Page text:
West African Migrants in Spain: Human Factors and Emerging International Policy

By Yvonne Captain.

Published by The Social Sciences Collection

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Article: Print $US10.00
Article: Electronic $US5.00

Migration is as old as the human experience. Current globalization renders that experience almost inevitable for some groups. Yet, the recent trend in migration from West Africa into Western Europe is noteworthy. For the student of African Diaspora culture, today’s migration constitutes the third most significant outpouring from the African continent in modern history. Of this trend, the most specific focus of this paper is the flow of Senegalese citizens into Spain. The more detailed comparative portion of this study forms part of a larger project that analyzes the outcome of migration from three different sending nations—Ghana, Guinea, and Senegal into the Southern European receiving nations of Italy, Malta and Spain.
In many ways the Senegalese immigrant experience is similar to that of migrants from other parts of Western Africa and indeed the whole of the developing world. There are a variety of reasons why they choose to leave their countries, yet, the overwhelming cause of their trek is an economic one. Air travel is a significant mode of travel, but perilous boat travel is the only option for some. The migrants themselves are not the only actors involved in the choice to take the life-altering journey. Family, community, smugglers and others play a decisive role in the process. On the more formal, official side of the issue the governments of both the sending nations and of the receiving nation, Spain, have altered their approaches to the situation. The question becomes are the migrants, the sending countries and the receiving countries always better off because of the migration?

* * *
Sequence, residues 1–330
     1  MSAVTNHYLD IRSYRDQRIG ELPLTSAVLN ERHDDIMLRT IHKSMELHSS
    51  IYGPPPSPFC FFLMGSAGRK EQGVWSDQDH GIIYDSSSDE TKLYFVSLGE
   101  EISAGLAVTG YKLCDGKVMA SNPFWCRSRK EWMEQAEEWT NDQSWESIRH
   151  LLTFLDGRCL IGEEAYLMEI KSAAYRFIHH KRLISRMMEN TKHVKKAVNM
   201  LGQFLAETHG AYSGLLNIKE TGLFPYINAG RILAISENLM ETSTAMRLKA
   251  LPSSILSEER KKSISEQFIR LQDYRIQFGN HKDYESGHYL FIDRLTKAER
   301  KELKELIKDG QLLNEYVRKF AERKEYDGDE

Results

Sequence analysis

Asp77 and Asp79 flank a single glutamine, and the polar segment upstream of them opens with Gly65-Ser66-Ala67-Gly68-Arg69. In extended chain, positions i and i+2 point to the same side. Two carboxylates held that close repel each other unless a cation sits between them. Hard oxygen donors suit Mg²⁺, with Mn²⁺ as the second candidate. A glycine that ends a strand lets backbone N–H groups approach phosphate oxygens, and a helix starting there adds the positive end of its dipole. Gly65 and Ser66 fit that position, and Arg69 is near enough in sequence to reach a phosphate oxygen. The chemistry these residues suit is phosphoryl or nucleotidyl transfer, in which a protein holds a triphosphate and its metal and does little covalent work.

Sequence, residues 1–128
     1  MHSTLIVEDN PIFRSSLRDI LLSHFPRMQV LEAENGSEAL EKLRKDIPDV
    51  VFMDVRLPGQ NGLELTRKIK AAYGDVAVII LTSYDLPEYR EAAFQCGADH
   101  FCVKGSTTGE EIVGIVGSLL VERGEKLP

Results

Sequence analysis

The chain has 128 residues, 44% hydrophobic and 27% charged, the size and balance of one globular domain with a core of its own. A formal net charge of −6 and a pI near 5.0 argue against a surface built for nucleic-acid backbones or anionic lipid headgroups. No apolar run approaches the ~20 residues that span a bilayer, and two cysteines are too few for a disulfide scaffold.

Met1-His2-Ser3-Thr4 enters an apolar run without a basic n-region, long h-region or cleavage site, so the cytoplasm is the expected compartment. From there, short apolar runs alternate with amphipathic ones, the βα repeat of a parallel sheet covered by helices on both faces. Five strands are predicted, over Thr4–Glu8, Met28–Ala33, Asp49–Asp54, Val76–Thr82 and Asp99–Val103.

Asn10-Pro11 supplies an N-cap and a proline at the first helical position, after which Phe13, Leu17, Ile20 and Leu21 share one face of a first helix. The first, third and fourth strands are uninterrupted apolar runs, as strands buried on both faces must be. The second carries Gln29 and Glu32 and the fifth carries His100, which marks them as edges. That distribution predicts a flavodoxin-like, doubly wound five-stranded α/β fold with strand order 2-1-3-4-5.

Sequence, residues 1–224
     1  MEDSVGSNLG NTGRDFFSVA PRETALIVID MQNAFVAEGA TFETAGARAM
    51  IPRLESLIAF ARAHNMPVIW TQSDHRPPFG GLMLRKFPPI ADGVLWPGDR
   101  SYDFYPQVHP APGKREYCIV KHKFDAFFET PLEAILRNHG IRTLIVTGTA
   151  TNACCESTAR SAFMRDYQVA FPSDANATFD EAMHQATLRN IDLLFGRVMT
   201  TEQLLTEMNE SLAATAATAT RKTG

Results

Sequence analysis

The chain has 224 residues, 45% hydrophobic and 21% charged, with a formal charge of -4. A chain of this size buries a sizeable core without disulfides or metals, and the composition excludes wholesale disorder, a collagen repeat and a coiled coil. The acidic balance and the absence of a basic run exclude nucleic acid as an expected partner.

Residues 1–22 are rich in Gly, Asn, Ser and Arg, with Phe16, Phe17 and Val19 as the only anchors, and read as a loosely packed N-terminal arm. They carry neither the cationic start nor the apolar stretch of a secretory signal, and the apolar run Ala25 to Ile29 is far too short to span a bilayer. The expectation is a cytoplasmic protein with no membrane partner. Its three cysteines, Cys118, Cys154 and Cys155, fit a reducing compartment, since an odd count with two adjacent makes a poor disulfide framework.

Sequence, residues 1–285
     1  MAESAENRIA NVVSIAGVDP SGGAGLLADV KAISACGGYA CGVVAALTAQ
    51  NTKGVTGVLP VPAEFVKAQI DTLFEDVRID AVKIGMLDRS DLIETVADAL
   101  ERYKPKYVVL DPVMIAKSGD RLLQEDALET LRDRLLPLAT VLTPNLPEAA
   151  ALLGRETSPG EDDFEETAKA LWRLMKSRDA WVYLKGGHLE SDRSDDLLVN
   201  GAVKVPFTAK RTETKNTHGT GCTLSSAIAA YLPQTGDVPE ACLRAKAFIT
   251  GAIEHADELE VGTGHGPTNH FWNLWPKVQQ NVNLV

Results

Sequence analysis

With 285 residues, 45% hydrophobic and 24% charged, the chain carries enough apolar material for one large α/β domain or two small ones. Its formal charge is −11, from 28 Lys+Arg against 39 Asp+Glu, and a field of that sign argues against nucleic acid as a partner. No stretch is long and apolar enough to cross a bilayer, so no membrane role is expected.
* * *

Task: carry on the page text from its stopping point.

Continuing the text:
Keywords: African Diaspora, Aging Population, Brain Drain, Brawn Drain, Borders – Land, Sea, Air, Human Rights, Human Trafficking, Interdiction, Labor Migration, Low Birth Rate, National Security, Outmigration vs Inmigration, Points of Departure; Points of Entry, Push and Pull Factors, Remittances, Sending Country vs Receiving Country, Social Costs of Migration, Third Wave Migration, Undocumented Migrants

International Journal of Interdisciplinary Social Sciences, Volume 3, Issue 10, pp.61-68. Article: Print (Spiral Bound). Article: Electronic (PDF File; 566.142KB).

Dr. Yvonne Captain

Associate Professor, Dept of Romance, German, Slavic, Languages and Literatures, Columbian College of Arts and Sciences, Elliott School of International Affairs, George Washington University, Washington, D.C., USA

Professor Captain teaches courses related to Latin American Film and Intellectual History in addition to a course on U.S.-Africa Relations. She is an expert on the African Diaspora in Latin America and has broadened her research scope to include comparative approaches to the African Diaspora including: the historic Diaspora and the recent Diaspora; comparative regional Diaspora experiences; and Louisiana Creole experiences as part of the Diaspora. She has published, interviewed, and lectured widely on Latin America and is preparing a manuscript on the recent Diaspora in Europe. Finally, Professor Captain is the Executive Director of Phi Beta Delta Honor Society for International Scholars which boasts a membership of over 165 colleges and universities.


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